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13 Artists Explore Female Empowerment in American Art

Inside '(em) POWER DYNAMICS: Exploring the Modes of Female Empowerment and Representation in America.'
Renée Cox, Fur. 2001. Digital C-print, mounted. 40 x 60 inches

Georgia O’Keeffe’s colorful feminine flower paintings and Ana Mendieta’s Untitled (Facial Cosmetic Variations) self-portraits serve as the inspiration for the Gateway Project’s latest show, (em) POWER DYNAMICS: Exploring the Modes of Female Empowerment and Representation in America, part of the ongoing curated series, Visualizing Our Americana. “There is a brashness in both works that are unique to the moment they were created in,” Rebecca Jampol, who curated the group show along with Jasmine Wahi, says of the O’Keeffe and Mendieta works. “That is a bit of a common thing in contemporary art now, however at those specific moments they were stepping above the comfort zone of the common maker. Artists invited to participate in this exhibit are the successors of this thought process.”


Chitra Ganesh, Atlas, 2013, Edition 3/3, Lightjet Print. Courtesy of the artist

The exhibition features an array of female artists—Jaishri Abichandani, Renée Cox, Ayana Evans, FlucT, Angela Fraleigh, Chitra Ganesh, Rachel Mason, Marilyn Minter, Sophia Narrett, Wanda Raimundi-Ortiz, Michele Pred, Ventiko, and Shoshanna Weinberger—who each use their art practices to critically consider the past and future of feminism in American culture. “Each artist gracefully embraces the topic in a way that elevates women, hence the title, (em)power,” explains Jampol. “Michele Pred's blinking vintage purses tell the tale of the fight of ownership over one's body and ongoing lessons in women's rights. Shoshanna Weinberger's large scale painting, Backlit Smoker, glorifies bedroom pleasures. And Angela Fraleigh explores fantasy, sexuality and nostalgia in large-scale, heavily gold-leafed canvases unveiling what never was.”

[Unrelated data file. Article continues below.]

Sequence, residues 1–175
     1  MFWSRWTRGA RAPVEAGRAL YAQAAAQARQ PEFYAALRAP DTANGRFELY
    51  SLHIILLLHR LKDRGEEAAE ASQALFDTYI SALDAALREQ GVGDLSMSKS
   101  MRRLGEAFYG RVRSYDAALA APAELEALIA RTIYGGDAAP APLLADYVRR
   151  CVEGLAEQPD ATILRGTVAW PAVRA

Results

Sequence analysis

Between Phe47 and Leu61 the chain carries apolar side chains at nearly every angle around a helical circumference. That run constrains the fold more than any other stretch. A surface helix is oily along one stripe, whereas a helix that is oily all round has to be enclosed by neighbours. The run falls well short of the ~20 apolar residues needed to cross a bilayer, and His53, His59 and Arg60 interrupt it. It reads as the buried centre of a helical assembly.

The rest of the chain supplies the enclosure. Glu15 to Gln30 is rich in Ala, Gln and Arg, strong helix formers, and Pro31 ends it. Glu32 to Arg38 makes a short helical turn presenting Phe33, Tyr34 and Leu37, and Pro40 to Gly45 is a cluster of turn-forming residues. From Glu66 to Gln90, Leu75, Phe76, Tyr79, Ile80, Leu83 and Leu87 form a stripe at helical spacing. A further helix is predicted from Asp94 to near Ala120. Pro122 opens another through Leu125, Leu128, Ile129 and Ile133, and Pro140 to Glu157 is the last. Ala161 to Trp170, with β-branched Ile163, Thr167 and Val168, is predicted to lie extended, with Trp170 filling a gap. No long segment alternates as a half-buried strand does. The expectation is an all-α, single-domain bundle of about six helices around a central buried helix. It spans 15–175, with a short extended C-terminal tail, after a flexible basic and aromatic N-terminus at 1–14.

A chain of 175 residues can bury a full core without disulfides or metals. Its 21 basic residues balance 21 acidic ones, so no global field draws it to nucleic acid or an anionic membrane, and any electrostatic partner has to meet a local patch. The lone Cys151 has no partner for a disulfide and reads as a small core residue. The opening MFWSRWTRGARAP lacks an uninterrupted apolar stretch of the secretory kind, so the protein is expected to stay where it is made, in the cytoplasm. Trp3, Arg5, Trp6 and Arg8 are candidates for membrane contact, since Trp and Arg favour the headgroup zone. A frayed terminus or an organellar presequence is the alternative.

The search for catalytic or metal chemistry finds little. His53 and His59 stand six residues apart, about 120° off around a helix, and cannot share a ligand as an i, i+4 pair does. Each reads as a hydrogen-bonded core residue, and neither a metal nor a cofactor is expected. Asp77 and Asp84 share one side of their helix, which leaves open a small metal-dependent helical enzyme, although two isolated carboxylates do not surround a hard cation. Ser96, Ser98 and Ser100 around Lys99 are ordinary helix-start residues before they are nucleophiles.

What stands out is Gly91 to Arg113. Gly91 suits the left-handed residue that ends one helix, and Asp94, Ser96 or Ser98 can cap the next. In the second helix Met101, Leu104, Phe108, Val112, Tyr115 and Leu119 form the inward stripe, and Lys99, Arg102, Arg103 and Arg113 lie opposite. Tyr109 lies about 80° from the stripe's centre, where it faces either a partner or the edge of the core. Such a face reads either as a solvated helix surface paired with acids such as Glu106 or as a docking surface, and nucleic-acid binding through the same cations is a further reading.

Installation photo by Michele Pred

Taken together, the work shines a light on female representation in contemporary art and continues the conversation around how female artists choose to represent themselves.The art on display at the Gateway Project stands in stark contrast to the art historical practice of female figures rendered through the gaze of male artists. “This work keeps the edge sharp, the dialogue moving, and the brain advancing in terms of how women have the ability to shape notions of sexuality, gender equality, family, society, and life in general,” adds Jampol.

Shoshanna Weinberger, Back Lit Smoker: One Topless Enterprise under a Perpetual Mid-Night, 2015. Gouache/mixed media on paper. 71.5 x 48 inches

The show also squares up with the larger goals for the Gateway Project art space itself: “Each artist featured presents different approaches to discussing feminism and topics of the evolution of womanhood, reflecting important part of the Gateway Project's mission to host socially engaging programming to cultivate critical social dialogues,” states the exhibition’s curatorial statement. “The Gateway Project is an arts space founded, directed, and staffed by women from diverse backgrounds," explains Jampol, who is also a cofounder of the Gateway Project. "As a woman working in an industry of brilliant women, it is exciting to highlight their voices and welcome this exhibition as part two of the ongoing curated series, Visualizing Our Americana.”


Jaishri Abichandani, from the Before Kali Series, 2013-2015. Mixed media- plaster, ceramics, paint, gems

(em) POWER DYNAMICS: Exploring the Modes of Female Empowerment and Representation in America is on view through October 23rd at the Gateway Project. For more information, click here.


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